Week 3
(Page 2 of 3) 

Library Lessons This Week

The topics of this week's lessons relate to variables and measurements: what they are, what they represent, and how to ensure that they measure what they are intended to measure.

Lesson 1:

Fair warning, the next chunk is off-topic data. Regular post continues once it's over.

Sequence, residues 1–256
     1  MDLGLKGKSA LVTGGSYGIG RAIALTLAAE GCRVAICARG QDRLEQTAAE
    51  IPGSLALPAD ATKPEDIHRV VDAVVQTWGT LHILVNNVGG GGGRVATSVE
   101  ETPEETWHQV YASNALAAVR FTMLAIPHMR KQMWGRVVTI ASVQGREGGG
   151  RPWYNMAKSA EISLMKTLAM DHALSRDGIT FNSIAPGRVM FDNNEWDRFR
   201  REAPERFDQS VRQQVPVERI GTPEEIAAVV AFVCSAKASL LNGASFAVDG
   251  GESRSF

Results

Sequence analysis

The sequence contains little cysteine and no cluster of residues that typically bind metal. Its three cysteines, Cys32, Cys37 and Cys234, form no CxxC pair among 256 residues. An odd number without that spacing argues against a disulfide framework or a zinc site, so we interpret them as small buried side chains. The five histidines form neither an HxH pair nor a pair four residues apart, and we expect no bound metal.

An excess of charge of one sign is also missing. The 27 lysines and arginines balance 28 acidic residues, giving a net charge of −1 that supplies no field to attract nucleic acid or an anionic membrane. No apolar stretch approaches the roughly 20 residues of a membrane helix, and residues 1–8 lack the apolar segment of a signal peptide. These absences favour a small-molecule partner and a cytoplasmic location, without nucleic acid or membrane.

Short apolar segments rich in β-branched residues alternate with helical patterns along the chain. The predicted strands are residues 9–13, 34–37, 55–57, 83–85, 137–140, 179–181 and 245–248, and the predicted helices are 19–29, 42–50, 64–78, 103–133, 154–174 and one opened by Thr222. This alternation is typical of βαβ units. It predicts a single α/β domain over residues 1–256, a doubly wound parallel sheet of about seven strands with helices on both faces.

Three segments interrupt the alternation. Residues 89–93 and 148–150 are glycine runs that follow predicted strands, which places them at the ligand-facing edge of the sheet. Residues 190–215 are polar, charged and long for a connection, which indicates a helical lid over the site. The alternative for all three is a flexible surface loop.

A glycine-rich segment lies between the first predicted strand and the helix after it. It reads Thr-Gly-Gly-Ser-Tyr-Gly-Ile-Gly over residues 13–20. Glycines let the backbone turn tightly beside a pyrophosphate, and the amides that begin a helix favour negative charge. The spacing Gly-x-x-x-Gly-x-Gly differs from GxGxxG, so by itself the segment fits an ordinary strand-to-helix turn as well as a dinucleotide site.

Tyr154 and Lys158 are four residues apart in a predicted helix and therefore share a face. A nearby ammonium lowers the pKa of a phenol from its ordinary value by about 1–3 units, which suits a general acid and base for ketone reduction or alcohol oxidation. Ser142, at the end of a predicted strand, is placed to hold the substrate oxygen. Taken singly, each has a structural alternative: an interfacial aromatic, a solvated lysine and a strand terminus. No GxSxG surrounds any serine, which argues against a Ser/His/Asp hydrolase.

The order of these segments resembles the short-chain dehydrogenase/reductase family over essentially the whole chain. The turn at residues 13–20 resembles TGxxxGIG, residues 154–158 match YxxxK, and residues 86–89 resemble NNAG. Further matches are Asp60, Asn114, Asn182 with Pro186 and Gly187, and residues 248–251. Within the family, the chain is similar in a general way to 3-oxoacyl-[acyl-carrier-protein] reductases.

Constructs versus Variables and Scales of Measurement The dependent variable, what we've been calling your outcome variable, is what you measure. These lessons will focus on important aspects of the dependent variable and accurate measurement. Another issue that we have for this week is to begin searching for literature. The assignments for this week will help get you started in learning to navigate in the online library. A construct is an idea or abstract concept while a variable is something that is measured or observed. For instance, self esteem is a construct. To measure self esteem, you need to define it in terms that are measurable and/or observable, and there by, creating a variable which we can call self esteem. For your research proposals that you write in subsequent courses, it will serve you better (read as, cause you less stress), if you choose to include variables in your study in which valid and reliable methods for measuring them already exist. For example, there are an ample number of valid and reliable measures of intelligence that exist. One of the best ways to know what measures exist for certain variables of interest is by reading empirical research that includes these variables. The articles that you find for your literature review should provide you with possibilities for how to measure your own variables if the research you find is close enough to the topic in which you are interested. As you begin to think about your research questions and identifying potential variables, however, it might behoove you to ask yourself how you are going to measure the constructs you are thinking about. If you think measuring a construct will be an extremely difficult task then you might consider another construct that can be easily translated into a measurable variable of interest. The information you collect using measures of variables is called data. There are many types of data that can be collected. Data can be qualitative such as journal entries or interview transcripts. Data can also be quantitative such as the rate, duration, interresponse time, latency, percentages of whole or partial intervals, etc. Much of the data you will eventually collect will by based on a scale. The following are scales of measurement: Nominal Data  Nominal data are categories of information that are grouped by name but have no hierarchical order to them (hence 'nominal'). For example, in the variable "gender" there are two categories, "male" and "female." Researchers will often assign the number 1 to all males and the number 2 to all females. Similarly, for the variable "marital status" there are often 3 categories, "married," "divorced," and "single." A researcher might assign the number 1 to "single," the number 2 to "married," and the number 3 to "divorced." Even though you may have assigned a quantitative representation (number) to these qualitative categories, there is no empirical relationship between the numbers used in the nominal scale that actually corresponds to the actual mathematical relationship between the numbers used. The numbers are simply used to identify members of a given category. No arithmetical procedures such as addition, subtraction, multiplication or division can be used with these numbers. the only statistical procedures that may be used are those based on mere counting, such as reporting the number in each category (e.g., there were 24 males and 36 females participating in this study) or expressing the numbers as percentages of the total number of subjects (e.g., 40% of the participants were male and 60% were female). Ordinal Data  The essential requirement for measurement to be considered ordinal is that it has a distinct order to it (hence 'ordinal'). These are categories of information that have names as nominal data does, but they also have a recognized order. For instance, movie rating G, PG, R, NC17, X. These are named categories that also have an order to them. We know that an R rated movie will have more violence in it than a G rated movie, for instance. Numbers assigned are used to indicate the order of the observation (who has more or less of an attribute) and nothing more. For example, in a mile fun run in which the runners are not timed but are only ranked according to the order in which they crossed the finish line, we only know who came in first, second, third, etc. We have no way of knowing how much faster one runner was than another. The timed difference between the 1st and 2nd runner is not necessarily the same time difference between the 2nd and 3rd runner. The statistics appropriate for an ordinal scale are limited as they are for nominal scales. Since the interval between the categories (ranks) is unknown, you cannot use procedures that assume equal intervals  addition, subtraction, etc. Interval Data  Interval scales of measurement order objects or people according to the amount of an attribute they represent but they ALSO establish equal intervals between the units of measure (hence 'interval'). Numbers on an interval scale may be manipulated by addition and subtraction but not by multiplication or division because there is no absolute zero. For example, temperature as measured in Fahrenheit is an interval scale. The difference between 40 and 50 degrees is the same as the difference between 60 and 70 degrees. However, you cannot say that 80 degrees is twice as hot as 40 degrees because there is no true zero on this scale. You can have a temperature that is a negative number. Any statistical procedures based on adding may be used with interval level data along with any procedures appropriate for lower level data (nominal and ordinal) It is important to point out that it has become common practice to treat many educational variables such as classroom tests and grades as if they were interval data, even when the assumption of equal intervals cannot be justified. It would be difficult to argue that the difference in achievement between an F = 0 and D = 1 (on a GPA) represents the same difference in achievement between C = 2 and B = 3. Because this type of data lies somewhere between ordinal and interval it should be treated as ordinal data. Ratio Data  Only a few variables of interest in education and other social sciences are ratio in nature. With a ratio scale it is possible to multiply or divide values by a certain number without changing the properties of the scale. For example, you can multiply 6 feet by 12 to change the unit of measurement from feet to inches, but it does not change the actual length of what was measured. You can say that someone that weighs 50 pounds weighs twice as much as a person who weighs 25 pounds. All types of statistical procedures are appropriate for ratio scale data. Lesson Activities